Page:Black's Law Dictionary (Second Edition).djvu/182

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clent forms of action will not lie. Steph. P1. 15. An abbreviated form of the title "trespass on the case," q. v. Munal v. Brown (C.C.) 70 Fed. 908.

CASE LAW. A professional name for the aggregate of reported cases as forming a body of jurisprudence: or for the law of a particular subject as evidenced or formed by the adjudged cases; in distinction to statutes and other sources of law.

CASH. Ready money; whatever can be used as money without being converted into another form , that which circulates as money, including bank-bills. Hooper v. Flood, 54 Cal. 221; Dazet v. Landry, 21 Nev. 291, 30 Pac. 1064; Blair v. Wilson, 28 Grat. (Va.) 165; Haviland v. Chace, 39 Barb. (N. Y.) 284.

—Cash-account. A record. in hook-keeping. of all cash transactions; an account of moneys received and expenrlcd.—Cnsh-hook. In book- keeping, an account-book in which is kept a. record of all cash tiansactions, or all casb re- reived and expended. The oliject of the cash- book is to afford a constant facility to ascertain the true state of a man's cash. Pardessus. n. 87.— In England. A bank note of a provincial bank or of the Bank of England. -—Cash-price. A price payable in cash at the time of sale of properly, in opposition to B. barter or a sale on credit.—Cash value. The cash value of an article or piece of property is the price which it would bring at private sale (as distinguished from a forced or auction sale) the terms of sale requiring the payment of the whole price in ready money, with no deferred payments. Ankeny v. Blaklcy. 44 Or. 78. 74 Pac. -LS5: Stale v. Itnilway Co.. 0 Nev. US; Tax Com'rs v. Holliday, 150 Ind. 216, 4.5) E\. E. 14. 42 L. It. A. 8 i: Cummings v Bank. 101 U. S. 162, 25 L. Ed. 903.

CASHIER, n. An officer of a moneyed lnstitutlou, or commercial house, or hank, who is intinstod with, and whose duty It Is to take care of, the cash or money of such lnstitution or bank.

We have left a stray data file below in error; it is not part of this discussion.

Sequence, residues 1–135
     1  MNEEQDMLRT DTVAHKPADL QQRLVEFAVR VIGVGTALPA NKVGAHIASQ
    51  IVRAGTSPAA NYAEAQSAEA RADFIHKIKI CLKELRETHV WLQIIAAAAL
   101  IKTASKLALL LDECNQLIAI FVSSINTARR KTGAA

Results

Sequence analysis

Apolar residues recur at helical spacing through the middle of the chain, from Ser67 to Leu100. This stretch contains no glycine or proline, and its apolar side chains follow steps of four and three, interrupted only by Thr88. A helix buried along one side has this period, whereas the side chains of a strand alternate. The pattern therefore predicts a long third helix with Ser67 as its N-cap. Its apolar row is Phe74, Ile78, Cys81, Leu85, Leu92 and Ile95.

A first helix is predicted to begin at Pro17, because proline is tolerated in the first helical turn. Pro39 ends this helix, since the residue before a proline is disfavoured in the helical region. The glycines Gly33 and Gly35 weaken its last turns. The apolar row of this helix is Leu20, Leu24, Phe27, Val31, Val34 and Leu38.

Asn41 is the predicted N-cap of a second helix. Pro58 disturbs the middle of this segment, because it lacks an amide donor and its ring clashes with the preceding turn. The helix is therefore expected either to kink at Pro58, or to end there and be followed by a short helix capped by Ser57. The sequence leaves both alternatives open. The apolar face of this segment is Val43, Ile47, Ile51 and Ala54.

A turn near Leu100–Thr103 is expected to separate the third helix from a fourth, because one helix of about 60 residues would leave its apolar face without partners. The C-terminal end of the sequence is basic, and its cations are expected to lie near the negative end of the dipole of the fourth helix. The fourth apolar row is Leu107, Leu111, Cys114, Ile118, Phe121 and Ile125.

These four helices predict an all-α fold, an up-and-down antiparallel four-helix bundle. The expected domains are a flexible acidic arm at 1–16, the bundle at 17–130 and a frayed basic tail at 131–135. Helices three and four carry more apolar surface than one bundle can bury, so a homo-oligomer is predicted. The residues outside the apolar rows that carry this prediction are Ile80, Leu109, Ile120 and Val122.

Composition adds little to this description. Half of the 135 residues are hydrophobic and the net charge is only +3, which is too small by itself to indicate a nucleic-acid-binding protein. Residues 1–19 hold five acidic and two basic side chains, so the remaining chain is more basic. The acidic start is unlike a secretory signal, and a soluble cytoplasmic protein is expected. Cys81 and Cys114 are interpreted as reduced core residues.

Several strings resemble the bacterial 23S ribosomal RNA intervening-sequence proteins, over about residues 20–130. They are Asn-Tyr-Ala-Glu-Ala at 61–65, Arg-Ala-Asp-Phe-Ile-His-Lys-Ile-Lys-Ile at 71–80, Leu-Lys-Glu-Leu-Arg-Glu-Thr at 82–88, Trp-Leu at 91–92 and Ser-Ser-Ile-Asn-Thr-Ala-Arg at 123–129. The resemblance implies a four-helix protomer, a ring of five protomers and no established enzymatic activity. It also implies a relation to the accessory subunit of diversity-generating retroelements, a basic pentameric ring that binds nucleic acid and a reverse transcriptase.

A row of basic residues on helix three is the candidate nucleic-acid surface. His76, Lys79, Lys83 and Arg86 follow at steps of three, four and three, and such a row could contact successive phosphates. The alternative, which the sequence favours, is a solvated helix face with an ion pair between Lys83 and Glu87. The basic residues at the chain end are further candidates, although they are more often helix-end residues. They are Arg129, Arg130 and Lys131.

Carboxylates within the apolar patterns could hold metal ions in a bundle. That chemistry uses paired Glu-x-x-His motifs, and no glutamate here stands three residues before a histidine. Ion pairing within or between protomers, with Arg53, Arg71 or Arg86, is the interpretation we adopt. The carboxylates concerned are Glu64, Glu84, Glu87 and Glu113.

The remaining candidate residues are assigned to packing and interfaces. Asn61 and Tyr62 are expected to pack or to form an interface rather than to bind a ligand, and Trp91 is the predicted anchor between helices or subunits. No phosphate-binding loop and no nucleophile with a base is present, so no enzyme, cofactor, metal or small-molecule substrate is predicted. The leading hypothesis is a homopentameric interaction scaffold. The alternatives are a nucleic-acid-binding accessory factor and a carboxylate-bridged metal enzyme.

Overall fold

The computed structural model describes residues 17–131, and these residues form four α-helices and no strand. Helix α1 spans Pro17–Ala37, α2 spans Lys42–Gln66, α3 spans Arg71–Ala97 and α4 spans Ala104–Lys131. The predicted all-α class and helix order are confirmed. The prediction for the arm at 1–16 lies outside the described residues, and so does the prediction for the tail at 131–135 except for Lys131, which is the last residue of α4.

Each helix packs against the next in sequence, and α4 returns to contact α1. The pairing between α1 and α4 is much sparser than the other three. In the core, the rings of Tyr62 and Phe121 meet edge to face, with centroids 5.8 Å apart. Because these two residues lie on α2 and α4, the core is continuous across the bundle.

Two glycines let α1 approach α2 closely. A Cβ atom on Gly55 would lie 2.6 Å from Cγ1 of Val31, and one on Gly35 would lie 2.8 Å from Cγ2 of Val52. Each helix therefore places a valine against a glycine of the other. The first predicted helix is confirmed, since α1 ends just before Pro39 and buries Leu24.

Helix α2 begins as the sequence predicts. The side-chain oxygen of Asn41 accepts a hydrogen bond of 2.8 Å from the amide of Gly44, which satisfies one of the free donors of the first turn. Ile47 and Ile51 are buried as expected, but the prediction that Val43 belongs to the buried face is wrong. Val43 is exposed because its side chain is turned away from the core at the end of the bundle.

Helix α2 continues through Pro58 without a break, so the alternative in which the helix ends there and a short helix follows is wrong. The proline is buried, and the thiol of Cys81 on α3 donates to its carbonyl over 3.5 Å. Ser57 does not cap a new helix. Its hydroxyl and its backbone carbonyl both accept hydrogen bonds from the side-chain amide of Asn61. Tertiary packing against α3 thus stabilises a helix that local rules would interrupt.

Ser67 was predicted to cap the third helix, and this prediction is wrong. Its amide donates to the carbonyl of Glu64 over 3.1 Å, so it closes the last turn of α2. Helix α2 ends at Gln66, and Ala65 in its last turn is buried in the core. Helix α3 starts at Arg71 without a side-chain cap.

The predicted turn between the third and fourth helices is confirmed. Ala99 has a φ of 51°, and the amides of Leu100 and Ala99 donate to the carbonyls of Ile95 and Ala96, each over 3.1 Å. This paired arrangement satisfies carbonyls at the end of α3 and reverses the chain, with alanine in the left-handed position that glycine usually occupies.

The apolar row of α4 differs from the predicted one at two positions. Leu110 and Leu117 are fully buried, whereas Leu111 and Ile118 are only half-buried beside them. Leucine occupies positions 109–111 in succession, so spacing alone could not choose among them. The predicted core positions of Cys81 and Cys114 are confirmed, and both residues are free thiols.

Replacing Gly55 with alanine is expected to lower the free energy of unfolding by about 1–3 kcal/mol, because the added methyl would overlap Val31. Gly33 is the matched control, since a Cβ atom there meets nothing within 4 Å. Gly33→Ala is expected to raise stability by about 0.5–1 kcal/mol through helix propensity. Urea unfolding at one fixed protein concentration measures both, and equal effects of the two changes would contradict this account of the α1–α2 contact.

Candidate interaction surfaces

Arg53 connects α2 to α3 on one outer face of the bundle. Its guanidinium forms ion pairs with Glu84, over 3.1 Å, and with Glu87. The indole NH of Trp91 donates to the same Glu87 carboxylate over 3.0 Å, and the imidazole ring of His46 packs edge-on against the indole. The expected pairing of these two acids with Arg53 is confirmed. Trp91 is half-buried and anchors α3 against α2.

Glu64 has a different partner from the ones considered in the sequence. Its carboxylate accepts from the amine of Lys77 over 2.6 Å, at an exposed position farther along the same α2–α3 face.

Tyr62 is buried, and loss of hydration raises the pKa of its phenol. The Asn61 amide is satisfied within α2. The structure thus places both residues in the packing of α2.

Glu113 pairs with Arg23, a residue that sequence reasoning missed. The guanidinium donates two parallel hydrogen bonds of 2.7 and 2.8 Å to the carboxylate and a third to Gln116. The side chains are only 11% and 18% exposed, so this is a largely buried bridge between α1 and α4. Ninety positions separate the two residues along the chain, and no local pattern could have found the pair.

The cashier of a bank is the executive officer. through whom the whole financial operations of the hunl; are conducted. He receives and pays out its moneys, collects and pays its debts. and IECBHGS and transfers its commercial securities. Tellers and other subordinate officers may be appointed, but tbcy are under his di- rection, and are, as it were, the arms by which dcsicnnbed portions of his various functions are disdiarged. The directors may limit his authority as they deem proper, but this would not -ilfect those to whom the limitation was un- known. Merchants’ Nat. Bank v. State Nat. Blink. 10 Vial]. 650, 19 L. Ed. 1003.

CASHIER, 12. In military law. To deprlve a military officer nf his l"lllli and office.

CASHLITE. An umercement or fine; a mulct.

CASSARE. To quash; to render void; to hresk.

CASSATION. In French law. Annulliiig; reversal; breaking the force and validity of a judgment. A decision emanating from the sovereign authority, by which a decree or judgment in the court or last resort is broken or annulled. Merl. Report.

CASSATION, COURT OF. (Fr. sour I19 cassution.) The highest court In France; so terined from possessing the power to quash (w.s-ser) the decrees of inferior courts. It la a court of appeal in criminal as well as civil cases.

CASSETIIR BIILLA. (Lat. That the bill be quashed.) In practice. The form of the judgment for the defendant on a plea in abatement, where the action was C0|Ill.iJ€llCed by bill, (billa.) 3 Bl. Comm. 303: Steph. Pl 128, I31. The form of an entry made by a plaintiff on the record, after a plan in ahal.ement, where he found that the plea could not be confessed and avoided, nor traversed. nor demurred to; amounting in fact to 11 discontinuance of the action. 2 Archb. Pr. K. B. 3, 236; 1 Tidtl, Pr. (383.

CASSETUTR BREVE. (L-at. That the writ be quashed.) In practice The form of the judgment for the defendant on a plea in abatement, where the action was commenced by original writ, (brev:e.) 3 Bl. Comm. 303. steps. Pl. 107, 109.

CASSOCK, or CASSULA. A garment Worn by a priest.

CAST, v. In old English practice. To allege, offer, or present; to proffer by way of excuse, (as to "cast an essom.")

This word is now used as a popular, rather than a technical, term, ln the sense or to overcome. overthrow, or defeat in a civil action at law.

Cast away. To cast away a ship is to do such an act upon or in regard to it as causes it to perish or be lost, so as to be irrecoverable by ordinary means. The term ls synonymous with "destroy," which means to unfit a vessel for service beyond the hope of recovery by ordinary means. U. S. v. Johns. 26 Fed. Cas. 616; U. S. v. Vanranst, 28 Fed. C213. 360.

CAST, p. p. Overthrown, worsted, or do tested in an action.

CASTEL, or CASTLE. A fortress in a town; the principal mansion of a nobleman. 3 Inst. 31.

CASTELLAIN. In old English law. '1lie lord. owner, or captain of a castle: the cou- stable of a fortified house; a person having the custody of one at the crown mansions: an officer of the forest.

CASTELLANUS. A castellaln; the keeper or constable of a castle. Spelman.

CASTELLARIUM, CASTELLATUS. In old English law. The precluct or jniis

diction of a castle. Blonut.